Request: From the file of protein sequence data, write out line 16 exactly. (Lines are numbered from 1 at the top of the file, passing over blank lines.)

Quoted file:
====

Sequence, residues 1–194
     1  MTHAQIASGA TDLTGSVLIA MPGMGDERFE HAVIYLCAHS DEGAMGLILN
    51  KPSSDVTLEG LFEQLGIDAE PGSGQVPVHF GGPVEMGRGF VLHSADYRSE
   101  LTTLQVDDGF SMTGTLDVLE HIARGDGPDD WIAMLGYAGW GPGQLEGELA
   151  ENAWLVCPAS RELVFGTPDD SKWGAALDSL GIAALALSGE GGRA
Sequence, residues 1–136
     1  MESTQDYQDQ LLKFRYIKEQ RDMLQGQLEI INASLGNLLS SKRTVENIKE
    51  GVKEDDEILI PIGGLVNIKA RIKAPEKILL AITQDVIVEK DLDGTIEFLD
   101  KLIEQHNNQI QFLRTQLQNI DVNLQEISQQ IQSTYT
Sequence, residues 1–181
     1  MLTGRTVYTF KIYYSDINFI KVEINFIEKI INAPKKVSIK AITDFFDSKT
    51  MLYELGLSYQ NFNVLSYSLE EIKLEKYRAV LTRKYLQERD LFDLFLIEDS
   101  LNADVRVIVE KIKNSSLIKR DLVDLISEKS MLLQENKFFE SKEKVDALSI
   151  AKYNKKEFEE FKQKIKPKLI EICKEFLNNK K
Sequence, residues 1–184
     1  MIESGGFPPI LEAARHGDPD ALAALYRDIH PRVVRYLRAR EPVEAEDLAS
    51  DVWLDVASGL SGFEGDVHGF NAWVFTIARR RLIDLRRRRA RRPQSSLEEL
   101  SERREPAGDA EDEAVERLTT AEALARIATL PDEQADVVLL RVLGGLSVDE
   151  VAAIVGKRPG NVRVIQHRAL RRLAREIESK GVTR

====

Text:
     1  MIESGGFPPI LEAARHGDPD ALAALYRDIH PRVVRYLRAR EPVEAEDLAS